While the plot was slow to develop, thank God it finally did. And when it did it blossomed into something amazing. The characters were much deeper than Joshilyn Jackson alluded to in the beginning. Their back stories were heart-breaking and undeniably real. On the outside Will may seem like an anti-social Brainiac, but underneath you learn the back story of his life that may break your heart (it did mine).

Joshilyn was able to weave together Shandi and Will’s characters and their stories in a way that had you both loving and hating them, not knowing from page to page how you wanted their love story to turn out. And here is where the title takes shape, Someone Else’s Love Story.

Joshilyn expertly worked in the supporting characters to the plot of the novel, Walcott and Paula (Shandi and Will’s best friends respectively). Both have protected their friends for years, and all though at times you want to slap them both, Walcott and Paula are integral to the story and before the end, you’re championing for all four of them, for an ending you don’t see coming.


The beginning for sure. Shandi is an immature girl stuck on having a fairy tale ending to her life, complete with a Thor-like prince, all while staring at a gun held by a crackhead in the middle of a robbery gone bad. Her unrealistic dreams of being with Will border on obsessive and several times during the book I questioned her moral and ethical behavior. But alas, all good book heroines have a back story that helps you understand their self-obsessed ways, and Shandi is no exception. I’m so glad I stayed with Shandi until the end because her story was monumental and more than redeeming. Within the covers of this novel, Shandi grew up.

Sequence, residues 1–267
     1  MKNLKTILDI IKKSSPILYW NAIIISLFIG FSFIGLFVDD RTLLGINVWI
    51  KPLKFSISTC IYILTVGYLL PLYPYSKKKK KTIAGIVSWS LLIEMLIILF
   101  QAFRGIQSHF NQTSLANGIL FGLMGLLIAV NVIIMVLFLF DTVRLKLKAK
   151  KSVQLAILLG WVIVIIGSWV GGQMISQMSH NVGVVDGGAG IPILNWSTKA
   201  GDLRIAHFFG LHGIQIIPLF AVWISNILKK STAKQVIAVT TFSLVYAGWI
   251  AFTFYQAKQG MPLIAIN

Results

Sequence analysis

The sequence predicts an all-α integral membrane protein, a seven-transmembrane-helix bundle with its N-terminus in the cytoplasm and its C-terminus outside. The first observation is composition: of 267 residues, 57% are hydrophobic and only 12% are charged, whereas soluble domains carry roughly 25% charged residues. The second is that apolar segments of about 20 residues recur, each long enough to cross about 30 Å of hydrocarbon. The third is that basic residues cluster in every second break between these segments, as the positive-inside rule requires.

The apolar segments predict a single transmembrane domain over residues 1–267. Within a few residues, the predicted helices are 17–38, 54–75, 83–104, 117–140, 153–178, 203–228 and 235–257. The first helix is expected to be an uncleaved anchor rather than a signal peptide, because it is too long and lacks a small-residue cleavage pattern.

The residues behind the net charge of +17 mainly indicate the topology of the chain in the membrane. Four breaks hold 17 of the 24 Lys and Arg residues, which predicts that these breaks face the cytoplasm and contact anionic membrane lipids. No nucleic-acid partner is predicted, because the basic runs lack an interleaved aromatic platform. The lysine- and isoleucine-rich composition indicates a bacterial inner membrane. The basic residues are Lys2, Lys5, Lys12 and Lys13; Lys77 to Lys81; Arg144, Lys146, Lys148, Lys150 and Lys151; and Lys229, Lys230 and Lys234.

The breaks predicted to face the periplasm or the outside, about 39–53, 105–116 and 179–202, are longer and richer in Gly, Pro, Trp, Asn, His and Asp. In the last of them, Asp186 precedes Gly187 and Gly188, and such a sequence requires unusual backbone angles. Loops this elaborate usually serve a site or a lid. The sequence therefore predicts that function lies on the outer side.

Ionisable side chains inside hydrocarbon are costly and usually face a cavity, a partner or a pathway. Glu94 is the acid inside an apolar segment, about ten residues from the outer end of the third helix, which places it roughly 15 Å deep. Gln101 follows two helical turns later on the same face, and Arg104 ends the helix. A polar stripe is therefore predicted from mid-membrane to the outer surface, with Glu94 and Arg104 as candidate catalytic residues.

If you like slow beginnings, if you’re a patient reader (which I’m not) then you’ll love this. But if you’re like me, a cut-to-the-chase kind of gal who hates flighty female characters, I encourage you to stick with this novel. You won’t be disappointed.

I really wanted to give this novel a 5 star review, but because of the slow start and Shandi’s immature, twitty behavior in the beginning, I just couldn’t.

PLOT: 4.5


About the Author:

New York Times Bestselling novelist Joshilyn Jackson is the author of gods in Alabama, Between, Georgia, The Girl Who Stopped Swimming, Backseat Saints, A Grown-Up Kind of Pretty, and most recently, SOMEONE ELSE'S LOVE STORY. Her books have been translated into a dozen languages, won SIBA’s novel of the year, twice been a #1 Book Sense Pick, and three times been shortlisted for the Townsend prize. A former actor, Jackson reads the audio versions of her novels; her work in this field has been nominated for the Audie Award, was selected by AudioFile Magazine for their best of the year list, and garnered two Listen Up Awards from Publisher’s Weekly.

She lives in Decatur, Georgia with her husband, their two children, and way too many feckless animals.